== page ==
Back pain is a frequent complaint and source of morbidity among athletes in all sports, with low back pain accounting for 5%-8% of injuries (10).
Nearly 15% of spinal injuries (cervical, thoracic, and lumbar) in the United States relate to participation in a sport or recreational activity. Depending on the mechanisms of applied load, different patterns of spinal injury are possible; thus, certain sports are predisposed to certain injury patterns.
Musculoligamentous injuries of the paraspinal musculature are common to all sports that involve trunk rotation (e.g., golf, baseball, tennis), contact (e.g., basketball, football, soccer), or repetitive injury mechanisms (e.g., gymnastics, swimming, diving, volleyball).
Full-contact collision sports, such as American football, ice hockey, and rugby, are a common cause of spinal injury. The most common injuries involve the cervical spine. Thoracic and lumbar injuries occur less frequently. A classic example is spondylolysis in linemen resulting from repeated lumbar hyperextension.
High-speed sports such as downhill skiing and snowboarding are relatively common causes of spine injury. Impact speeds are typically much higher than in other sports. Risk factors for injury include poorly groomed slopes, equipment failure, unfavorable weather conditions, overcrowding, skier error, and skier loss of control (1). The reported incidence of spine injuries among snowboarders is three to four times higher than among skiers. Jumping is responsible for as many as 80% of spine injuries among snowboarders and typically affects the thoracolumbar region (7).
With the aging population being more and more active, spinal injuries are occurring in older patients with preexisting degenerative spinal changes, resulting in evaluation and treatment challenges. Decisions regarding return to play are especially complex in these patients, especially when surgery has been done or is being considered.
The spinal column allows for controlled spinal motion while protecting the enclosed neural elements.
The spinal column is the foundation of the axial skeleton, extending from the base of the skull to the pelvis with articulations to the rib cage.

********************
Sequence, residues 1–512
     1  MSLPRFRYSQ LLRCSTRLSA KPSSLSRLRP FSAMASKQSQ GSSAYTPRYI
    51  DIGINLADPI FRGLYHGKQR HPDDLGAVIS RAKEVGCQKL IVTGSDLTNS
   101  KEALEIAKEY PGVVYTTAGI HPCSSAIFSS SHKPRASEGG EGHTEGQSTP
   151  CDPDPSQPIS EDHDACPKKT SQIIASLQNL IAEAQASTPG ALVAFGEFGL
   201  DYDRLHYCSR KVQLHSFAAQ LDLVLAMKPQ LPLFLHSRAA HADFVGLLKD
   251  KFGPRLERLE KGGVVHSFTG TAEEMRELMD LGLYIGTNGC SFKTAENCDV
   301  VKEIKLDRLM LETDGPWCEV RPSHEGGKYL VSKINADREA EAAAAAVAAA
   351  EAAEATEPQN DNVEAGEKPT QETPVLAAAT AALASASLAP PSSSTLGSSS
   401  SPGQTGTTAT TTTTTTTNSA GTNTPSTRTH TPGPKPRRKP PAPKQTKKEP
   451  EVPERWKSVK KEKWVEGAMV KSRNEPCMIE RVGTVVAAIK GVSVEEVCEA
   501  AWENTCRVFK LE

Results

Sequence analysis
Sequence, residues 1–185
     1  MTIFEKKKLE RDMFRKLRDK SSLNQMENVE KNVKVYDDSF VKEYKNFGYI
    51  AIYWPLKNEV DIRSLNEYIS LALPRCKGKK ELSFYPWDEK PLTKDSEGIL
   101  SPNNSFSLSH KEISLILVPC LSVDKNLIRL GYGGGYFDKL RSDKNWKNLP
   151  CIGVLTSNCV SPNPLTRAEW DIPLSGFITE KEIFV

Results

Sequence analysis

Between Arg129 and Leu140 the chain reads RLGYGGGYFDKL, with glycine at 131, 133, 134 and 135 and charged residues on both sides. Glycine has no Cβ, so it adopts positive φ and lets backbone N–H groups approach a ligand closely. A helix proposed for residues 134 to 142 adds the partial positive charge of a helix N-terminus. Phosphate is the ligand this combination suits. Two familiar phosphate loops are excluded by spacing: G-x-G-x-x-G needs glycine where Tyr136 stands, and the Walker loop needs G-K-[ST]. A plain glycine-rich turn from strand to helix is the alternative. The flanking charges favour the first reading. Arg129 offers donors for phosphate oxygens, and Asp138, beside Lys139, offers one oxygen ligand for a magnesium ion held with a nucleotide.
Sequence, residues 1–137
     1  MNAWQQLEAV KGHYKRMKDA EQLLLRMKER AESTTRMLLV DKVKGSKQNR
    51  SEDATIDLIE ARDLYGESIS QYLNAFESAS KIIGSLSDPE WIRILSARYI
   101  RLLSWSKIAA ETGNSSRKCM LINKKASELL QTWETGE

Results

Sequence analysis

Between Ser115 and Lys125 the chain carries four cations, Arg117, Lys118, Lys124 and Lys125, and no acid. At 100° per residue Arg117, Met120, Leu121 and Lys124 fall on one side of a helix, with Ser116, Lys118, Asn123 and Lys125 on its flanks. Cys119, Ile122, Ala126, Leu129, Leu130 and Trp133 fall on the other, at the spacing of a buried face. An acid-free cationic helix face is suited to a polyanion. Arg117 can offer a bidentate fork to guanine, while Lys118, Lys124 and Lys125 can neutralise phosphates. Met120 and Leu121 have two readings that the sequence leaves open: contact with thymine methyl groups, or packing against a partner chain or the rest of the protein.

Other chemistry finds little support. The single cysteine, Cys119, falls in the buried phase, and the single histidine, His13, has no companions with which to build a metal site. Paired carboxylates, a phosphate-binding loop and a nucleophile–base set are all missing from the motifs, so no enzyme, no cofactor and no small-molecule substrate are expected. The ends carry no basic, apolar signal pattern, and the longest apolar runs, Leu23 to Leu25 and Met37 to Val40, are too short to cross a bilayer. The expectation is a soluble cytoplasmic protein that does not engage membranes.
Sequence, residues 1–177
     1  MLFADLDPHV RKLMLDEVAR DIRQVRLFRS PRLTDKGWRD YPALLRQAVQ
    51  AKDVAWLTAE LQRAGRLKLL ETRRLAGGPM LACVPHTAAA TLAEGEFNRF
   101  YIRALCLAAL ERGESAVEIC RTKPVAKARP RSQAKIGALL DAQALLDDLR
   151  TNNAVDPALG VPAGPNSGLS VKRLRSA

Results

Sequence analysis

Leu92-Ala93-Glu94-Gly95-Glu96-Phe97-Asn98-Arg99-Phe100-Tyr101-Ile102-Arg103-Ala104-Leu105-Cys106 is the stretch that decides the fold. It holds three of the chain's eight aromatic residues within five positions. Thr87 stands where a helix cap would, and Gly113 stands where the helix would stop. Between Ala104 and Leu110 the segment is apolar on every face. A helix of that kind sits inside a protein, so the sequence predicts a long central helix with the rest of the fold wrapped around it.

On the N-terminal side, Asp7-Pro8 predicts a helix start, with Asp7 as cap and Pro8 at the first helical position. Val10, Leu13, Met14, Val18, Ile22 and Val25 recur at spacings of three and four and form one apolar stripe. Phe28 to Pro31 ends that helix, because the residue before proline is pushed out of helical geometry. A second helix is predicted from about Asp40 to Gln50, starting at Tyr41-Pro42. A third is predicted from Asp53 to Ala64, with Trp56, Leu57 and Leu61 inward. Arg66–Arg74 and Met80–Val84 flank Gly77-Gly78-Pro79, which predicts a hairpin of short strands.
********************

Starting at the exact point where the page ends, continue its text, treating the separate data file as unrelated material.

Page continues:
The spinal column is composed of 7 cervical, 12 thoracic, 5 lumbar, 5 sacral, and 4-5 coccygeal vertebral segments. The cervical, thoracic, and lumbar vertebrae are separated by intervertebral discs.
Normally, the spine positions the head directly over the pelvis in the coronal and sagittal planes (i.e., coronal and sagittal balance). In the coronal plane, the spine is straight. In the sagittal plane, the cervical and lumbar regions are lordotic, whereas the thoracic region is kyphotic. These sagittal curvatures in conjunction with the intervertebral discs, provides resiliency to applied loads.
Vertebrae are comprised of a thin cortical bony shell surrounding trabecular cancellous bone.
The wedged shape of the thoracic vertebrae is responsible for normal thoracic kyphosis.
The lumbar vertebrae are rectangular in shape. Thus it is the intervertebral discs that are responsible for normal lumbar lordosis. Loss of disc height as a result of disc degeneration results in loss of the normal lumbar lordosis and, subsequently, loss of resiliency to axial load.
The vertebrae increase in size as one moves caudally as they become progressively more involved in load bearing.
The sacrum forms the base of the spinal column and also functions as the keystone of the pelvic ring, transferring load from the spinal column to the lower extremities.